A lot has been written about Nora Ephron, much of it with her own pen. There was of course her semi-autobiographical 1983 novel “Heartburn,” about her marriage and divorce to Washington Post writer Carl Bernstein. Later, in essay collections such as “I Feel Bad About My Neck” (2008) and “I Remember Nothing” (2011), Ephron shared anecdotes — about her purse, her hair and other everyday crises — in a way that made her seem like she was a friend.
Now we have a book from someone who truly was a friend of Ephron, a man who dined and traveled with her and heard many an amusing anecdote that didn’t make it into an essay or a zippy line of film dialogue. Richard Cohen, a syndicated columnist for The Post, knew Ephron for decades, and in his new book, “She Made Me Laugh,” he pays tribute to Ephron, who died in 2012 at age 71. Ephron, he writes, was “my manager, my agent, my career counselor, my romantic adviser, my marital therapist.”
Ephron, Cohen writes, “had no trouble confronting people” and shares incidents he witnessed including the time she jumped out of a cab and confronted Secret Service agents who were diverting traffic to clear a D.C. street for a vice president’s limousine, and how, during a trip to Italy, she made an obscene gesture at a dozen waiters to show her dissatisfaction with a pizza she and Cohen had ordered at closing time. But Cohen also notes that “there was a softness to Nora, a sweetness, an endearing vulnerability that some friends occasionally saw and others just guessed at and that I knew to be there.” It was, he notes, something that came through in her films, particularly in the soundtracks of movies such as “You’ve Got Mail” and “Sleepless in Seattle.” Critics sometimes mocked her for this sentimentality, “and she would be stung,” Cohen notes. “Her movies were authentic representatives of who she was.”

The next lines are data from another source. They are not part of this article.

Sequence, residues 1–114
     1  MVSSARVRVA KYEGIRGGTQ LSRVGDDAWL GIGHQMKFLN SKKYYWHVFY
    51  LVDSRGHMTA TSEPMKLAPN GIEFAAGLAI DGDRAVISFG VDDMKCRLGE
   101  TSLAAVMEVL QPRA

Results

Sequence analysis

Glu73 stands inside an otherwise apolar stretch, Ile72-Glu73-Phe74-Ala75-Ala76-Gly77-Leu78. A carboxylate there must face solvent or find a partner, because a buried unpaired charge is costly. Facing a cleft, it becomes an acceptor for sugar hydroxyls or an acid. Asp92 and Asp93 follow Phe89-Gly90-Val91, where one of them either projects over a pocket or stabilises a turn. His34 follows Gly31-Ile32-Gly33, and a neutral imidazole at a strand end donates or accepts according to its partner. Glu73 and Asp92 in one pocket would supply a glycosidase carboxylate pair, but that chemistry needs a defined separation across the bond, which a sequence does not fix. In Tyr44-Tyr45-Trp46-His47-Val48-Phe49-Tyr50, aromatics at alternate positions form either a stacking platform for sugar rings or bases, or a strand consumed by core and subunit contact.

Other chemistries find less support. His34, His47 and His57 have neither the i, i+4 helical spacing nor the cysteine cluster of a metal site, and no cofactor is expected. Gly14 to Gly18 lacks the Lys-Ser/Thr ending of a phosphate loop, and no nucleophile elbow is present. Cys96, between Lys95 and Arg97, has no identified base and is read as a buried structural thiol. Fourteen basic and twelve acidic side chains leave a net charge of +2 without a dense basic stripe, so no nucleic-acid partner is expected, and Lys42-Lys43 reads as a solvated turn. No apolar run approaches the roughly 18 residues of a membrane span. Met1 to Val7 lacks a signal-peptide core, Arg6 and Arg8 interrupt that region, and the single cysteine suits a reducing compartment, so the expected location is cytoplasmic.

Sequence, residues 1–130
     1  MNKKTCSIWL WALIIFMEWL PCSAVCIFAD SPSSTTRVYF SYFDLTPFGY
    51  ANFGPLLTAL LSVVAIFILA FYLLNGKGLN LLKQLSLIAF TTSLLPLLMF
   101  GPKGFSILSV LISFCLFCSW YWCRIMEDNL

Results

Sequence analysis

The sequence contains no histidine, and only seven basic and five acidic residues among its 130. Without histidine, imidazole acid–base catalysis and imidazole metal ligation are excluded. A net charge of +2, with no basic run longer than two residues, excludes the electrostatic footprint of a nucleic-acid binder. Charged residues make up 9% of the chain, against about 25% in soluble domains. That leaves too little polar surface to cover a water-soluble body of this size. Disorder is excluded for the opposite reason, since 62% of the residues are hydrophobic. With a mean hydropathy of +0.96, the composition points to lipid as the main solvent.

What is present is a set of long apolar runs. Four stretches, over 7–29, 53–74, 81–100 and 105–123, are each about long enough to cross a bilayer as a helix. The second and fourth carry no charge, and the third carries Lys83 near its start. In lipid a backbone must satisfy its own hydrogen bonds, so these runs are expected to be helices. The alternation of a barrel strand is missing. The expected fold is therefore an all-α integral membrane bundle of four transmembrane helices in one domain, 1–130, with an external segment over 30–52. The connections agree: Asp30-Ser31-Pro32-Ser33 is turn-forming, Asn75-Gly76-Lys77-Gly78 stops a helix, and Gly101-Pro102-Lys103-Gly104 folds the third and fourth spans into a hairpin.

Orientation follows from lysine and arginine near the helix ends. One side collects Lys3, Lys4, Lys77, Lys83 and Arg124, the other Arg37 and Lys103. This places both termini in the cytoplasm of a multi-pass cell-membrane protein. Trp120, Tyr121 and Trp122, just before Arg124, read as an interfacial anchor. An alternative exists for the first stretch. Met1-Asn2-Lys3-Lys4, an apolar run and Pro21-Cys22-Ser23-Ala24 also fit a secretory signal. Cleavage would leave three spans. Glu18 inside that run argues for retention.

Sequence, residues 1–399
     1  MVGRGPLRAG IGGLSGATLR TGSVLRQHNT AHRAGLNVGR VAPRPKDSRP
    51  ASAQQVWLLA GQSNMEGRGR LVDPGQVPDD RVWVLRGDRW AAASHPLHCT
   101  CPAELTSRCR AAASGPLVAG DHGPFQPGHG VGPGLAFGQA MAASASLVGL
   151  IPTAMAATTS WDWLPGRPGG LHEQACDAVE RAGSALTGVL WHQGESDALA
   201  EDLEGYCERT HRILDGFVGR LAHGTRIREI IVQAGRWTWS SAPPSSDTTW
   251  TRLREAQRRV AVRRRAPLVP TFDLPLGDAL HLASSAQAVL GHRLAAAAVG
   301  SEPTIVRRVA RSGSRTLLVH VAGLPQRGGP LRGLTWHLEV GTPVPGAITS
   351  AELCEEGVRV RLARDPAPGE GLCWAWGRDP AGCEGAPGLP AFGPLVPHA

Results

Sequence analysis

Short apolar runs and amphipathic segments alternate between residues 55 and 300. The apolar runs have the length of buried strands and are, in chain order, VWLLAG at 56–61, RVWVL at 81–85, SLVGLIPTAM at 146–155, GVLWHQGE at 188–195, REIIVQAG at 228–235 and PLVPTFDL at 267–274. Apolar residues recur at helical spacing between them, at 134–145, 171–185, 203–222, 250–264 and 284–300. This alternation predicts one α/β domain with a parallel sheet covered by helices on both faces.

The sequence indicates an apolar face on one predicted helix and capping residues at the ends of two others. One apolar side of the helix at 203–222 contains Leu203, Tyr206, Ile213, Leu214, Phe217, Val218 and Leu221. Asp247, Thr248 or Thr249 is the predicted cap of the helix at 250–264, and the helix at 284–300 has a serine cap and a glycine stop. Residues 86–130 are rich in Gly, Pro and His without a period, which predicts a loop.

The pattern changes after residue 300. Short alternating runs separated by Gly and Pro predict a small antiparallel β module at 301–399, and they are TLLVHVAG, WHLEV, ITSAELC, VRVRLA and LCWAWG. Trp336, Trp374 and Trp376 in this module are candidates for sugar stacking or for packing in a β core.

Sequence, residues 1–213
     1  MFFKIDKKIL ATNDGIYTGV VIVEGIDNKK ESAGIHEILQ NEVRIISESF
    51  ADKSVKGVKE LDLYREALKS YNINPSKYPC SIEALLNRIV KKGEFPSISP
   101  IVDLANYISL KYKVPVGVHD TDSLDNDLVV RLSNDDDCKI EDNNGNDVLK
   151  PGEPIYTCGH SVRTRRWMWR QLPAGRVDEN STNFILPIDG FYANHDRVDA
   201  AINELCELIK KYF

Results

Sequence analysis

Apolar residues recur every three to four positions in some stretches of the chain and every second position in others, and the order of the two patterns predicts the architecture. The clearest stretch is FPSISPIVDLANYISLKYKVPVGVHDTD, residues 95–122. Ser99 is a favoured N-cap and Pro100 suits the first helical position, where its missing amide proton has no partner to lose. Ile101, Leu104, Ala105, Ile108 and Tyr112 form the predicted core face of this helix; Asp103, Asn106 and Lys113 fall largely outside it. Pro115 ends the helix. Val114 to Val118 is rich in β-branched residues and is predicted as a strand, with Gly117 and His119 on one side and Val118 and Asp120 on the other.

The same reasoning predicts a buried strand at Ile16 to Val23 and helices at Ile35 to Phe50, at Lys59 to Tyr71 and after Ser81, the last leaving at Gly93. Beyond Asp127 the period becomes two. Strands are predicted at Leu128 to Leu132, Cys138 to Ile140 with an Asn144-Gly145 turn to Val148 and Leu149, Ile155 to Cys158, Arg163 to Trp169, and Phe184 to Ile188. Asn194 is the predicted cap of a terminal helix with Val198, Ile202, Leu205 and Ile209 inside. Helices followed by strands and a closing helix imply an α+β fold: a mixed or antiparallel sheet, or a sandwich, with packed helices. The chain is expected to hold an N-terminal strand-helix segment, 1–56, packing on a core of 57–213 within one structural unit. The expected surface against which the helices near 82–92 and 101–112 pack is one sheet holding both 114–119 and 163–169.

Cohen offers the nuanced perspective of a confidant. “She was a renowned cynic, adept at throwing a cloth napkin at the fool across the table who had not only said something wrong but insisted it wasn’t,” Cohen writes, and “she was urbane in a film noir sort of way, not a doll or a babe or anyone’s arm candy, but smart and wise to the ways of the world.” He also remembers Ephron through what his friendship with her revealed: her love of dinner parties, how she loved to cook for friends, the interest she took in the children of her friends and family members and the insecurities she had about her physical appearance.
He also writes about Ephron’s battle with cancer, how she kept her illness from most people even when she knew her life was almost at an end. Cohen still marvels that no matter how sick she was, she continued to write. “Nora worked because she was a writer and writing is not just something one does, but something one is. She worked, because to stop would have been like a death that precedes death.” Early in the book he writes: “For all her fame as a movie director, she remained a writer — a screenwriter, a playwright, an essayist, a feature writer, a newspaper reporter and a blogger. It was all about writing. It was what she could do, what she could always do.”
Carol Memmott also writes about books for the Chicago Tribune and the Minneapolis Star Tribune.
By Richard Cohen
Simon & Schuster, 299 pp. $27